Cryptocurrency is a virtual or digital currency that can be digitally traded as a medium of exchange. Virtual currencies were designed to be a type of currency which is solely controlled by its individual user with peer-to-peer technology to operate and removes the central or commercial banks from the process.

Although virtual currencies were originally designed as a type of currency, they are currently being treated as high-risk speculative investments due to their price volatility. Consequently, there is a substantial amount of hoarding and less real trade. Efforts are being made to change this by increasing merchant acceptance and promoting awareness of the advantages. Wide acceptance of virtual currencies could have a substitution effect on central or commercial bank money and roles.

South African regulatory landscape

The South African Reserve Bank (SARB) issued a Position Paper on Virtual Currencies in 2014. The SARB stated that only they are allowed to issue legal tender i.e. banknotes and coins, therefore virtual currencies are not considered a legal tender and should not be used as payment for the discharge of any obligation to settle a debt. There are many legal uncertainties regarding virtual currencies, such as the lack of a proper regulatory and legal framework. Particularly the enforcement of the principle of finality and irrevocability in the payment systems. For those trading in virtual currencies, there is the potential risk to incur financial losses, due to the price volatility as the demand and supply are controlled by individuals.

The main objective of the South African Exchange Control Regulations (Regulations) is to prevent the loss of foreign currency through the transfer abroad of real or financial capital assets held in SA, as well as constitute an effective system of control over the movement into and out of SA of financial and real assets.

The Regulations do not currently explicitly consider virtual currencies in the definition of “foreign currency” as defined. However, if virtual currencies were to fall under this definition the possibility exists that the Regulations will be applied to such transactions.

The anonymity of virtual currency transactions could result in exchange control circumvention as the transfer would not be affected and reported as required. Investors who acquire virtual currency in terms of their foreign capital allowance, do so at their own risk and have no recourse to SA authorities. The Regulations do not support the transfer of virtual currencies in and out of SA, therefore the SARB cannot authorise requests to trade in virtual currency cross-border. Any such trades and the risks associated thereof are for the individuals involved.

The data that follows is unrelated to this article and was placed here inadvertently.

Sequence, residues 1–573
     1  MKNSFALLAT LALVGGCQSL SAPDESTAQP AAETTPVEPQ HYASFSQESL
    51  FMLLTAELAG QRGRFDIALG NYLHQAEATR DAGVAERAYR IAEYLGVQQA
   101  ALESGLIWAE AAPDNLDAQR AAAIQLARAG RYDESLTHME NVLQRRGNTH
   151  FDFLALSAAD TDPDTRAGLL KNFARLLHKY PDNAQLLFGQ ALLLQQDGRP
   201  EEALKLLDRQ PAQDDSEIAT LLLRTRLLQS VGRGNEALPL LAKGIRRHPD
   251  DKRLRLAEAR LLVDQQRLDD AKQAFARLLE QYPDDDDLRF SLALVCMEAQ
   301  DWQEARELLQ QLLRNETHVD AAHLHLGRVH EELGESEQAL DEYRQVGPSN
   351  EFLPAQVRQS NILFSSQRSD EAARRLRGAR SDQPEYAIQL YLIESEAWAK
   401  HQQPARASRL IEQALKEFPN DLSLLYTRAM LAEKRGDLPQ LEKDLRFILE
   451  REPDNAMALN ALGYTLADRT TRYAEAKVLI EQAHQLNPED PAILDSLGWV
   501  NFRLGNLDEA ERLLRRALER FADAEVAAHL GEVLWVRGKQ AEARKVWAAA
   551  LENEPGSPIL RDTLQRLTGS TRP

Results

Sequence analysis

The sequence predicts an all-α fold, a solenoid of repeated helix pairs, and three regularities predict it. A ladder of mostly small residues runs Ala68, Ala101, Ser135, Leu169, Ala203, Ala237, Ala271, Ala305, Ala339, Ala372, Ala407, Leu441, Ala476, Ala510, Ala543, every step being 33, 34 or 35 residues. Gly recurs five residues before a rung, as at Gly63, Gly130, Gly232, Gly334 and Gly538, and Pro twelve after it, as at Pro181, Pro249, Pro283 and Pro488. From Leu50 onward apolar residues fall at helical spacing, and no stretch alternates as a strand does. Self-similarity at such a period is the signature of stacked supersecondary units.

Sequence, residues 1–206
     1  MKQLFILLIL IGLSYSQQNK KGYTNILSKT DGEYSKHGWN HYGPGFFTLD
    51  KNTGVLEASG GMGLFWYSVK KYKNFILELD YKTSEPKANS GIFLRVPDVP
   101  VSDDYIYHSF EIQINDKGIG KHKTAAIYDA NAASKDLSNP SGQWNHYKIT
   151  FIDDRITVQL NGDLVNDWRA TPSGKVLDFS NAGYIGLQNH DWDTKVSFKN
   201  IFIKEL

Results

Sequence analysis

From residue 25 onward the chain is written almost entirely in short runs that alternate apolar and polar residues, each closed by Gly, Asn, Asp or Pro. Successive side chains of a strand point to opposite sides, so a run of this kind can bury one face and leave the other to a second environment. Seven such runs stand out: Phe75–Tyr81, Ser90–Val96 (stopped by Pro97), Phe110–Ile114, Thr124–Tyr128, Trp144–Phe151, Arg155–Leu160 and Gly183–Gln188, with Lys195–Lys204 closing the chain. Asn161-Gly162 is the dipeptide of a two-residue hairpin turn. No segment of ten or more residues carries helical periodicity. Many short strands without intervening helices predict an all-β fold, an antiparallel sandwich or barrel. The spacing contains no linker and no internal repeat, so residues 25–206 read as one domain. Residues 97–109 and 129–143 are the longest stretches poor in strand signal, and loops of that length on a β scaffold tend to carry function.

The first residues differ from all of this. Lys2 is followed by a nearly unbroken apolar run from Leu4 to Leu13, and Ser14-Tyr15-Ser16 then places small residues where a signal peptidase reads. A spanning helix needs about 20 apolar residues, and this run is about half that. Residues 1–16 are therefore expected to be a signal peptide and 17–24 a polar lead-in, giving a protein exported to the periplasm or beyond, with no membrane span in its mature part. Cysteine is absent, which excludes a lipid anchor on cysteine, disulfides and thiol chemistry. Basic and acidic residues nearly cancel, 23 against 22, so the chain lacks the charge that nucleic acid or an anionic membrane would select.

Currently individuals are entitled to a single discretionary allowance of R1 million per calendar year, however, exchange control regulations allow individuals to transfer R10 Million out of South Africa each year as part of their foreign investment allowance, subject to obtaining a SARS Tax Clearance Certificate (TCC). SARS require supporting documentation when applying for a TCC which include but are not limited to providing the relevant material that demonstrates the source of the capital to be invested.

South African tax treatment

To date, the South African Revenue Service (SARS) has not issued any guidance paper on the taxation treatment of virtual currency transactions. However, SARS participated together with the Financial Services Board and the Financial Intelligence Centre in the issue of a User Alert to the South African (SA) public in 2014. In essence, virtual currencies are unregulated and no legal protection or recourse will be afforded to users of virtual currencies.

Therefore the common misconception is that this means that no tax has to be paid on such gains, however, SARS have confirmed that transactions or speculation in virtual currencies are subject to the general principles of South African tax law and are taxed respectively.

The dictionary meaning of the term “asset” implies that the asset needs to bear value to the owner. When considering the meaning of the term “asset” as defined in the tax legislation, it appears to be wide enough to include virtual currencies as a form of property (asset). However, due to the fact that virtual currencies are not yet widely accepted in SA as a medium of exchange, virtual currencies are not likely to be classified as a “currency” in terms thereof.

Therefore, when exchanging virtual currencies for Rands, the same taxes apply as any other disposable assets which may result in a capital gain or could qualify as income.

What is of importance in determining whether it is capital or revenue in nature is the intention of the taxpayer when obtaining, keeping and at the time of disposing or exchanging the virtual currency.

If the taxpayer intends trading virtual currencies with the purpose of making a profit, such profit would meet the definition of gross income and would be taxed as income in your hands at the relevant individual tax rate. Such taxpayer will also have to account for trading stock in determining his taxable income. Consequently, any expense that you incur in the production of the income can be deducted. Taxpayers trading virtual currencies may have to include exchange differences of a revenue nature when determining their taxable income.

If a taxpayer buys and sells virtual currencies once off (not regularly) and your intention was to hold the asset for capital gain (long-term investment), the resultant gain or loss would be capital in nature and treated as such for income tax purposes.


Please note that the information contained in this blog post should not be seen as advice in terms of the SARS regulations or Financial Advisors and Intermediary Services Act, but we trust that it provides some clarity on the tax position.

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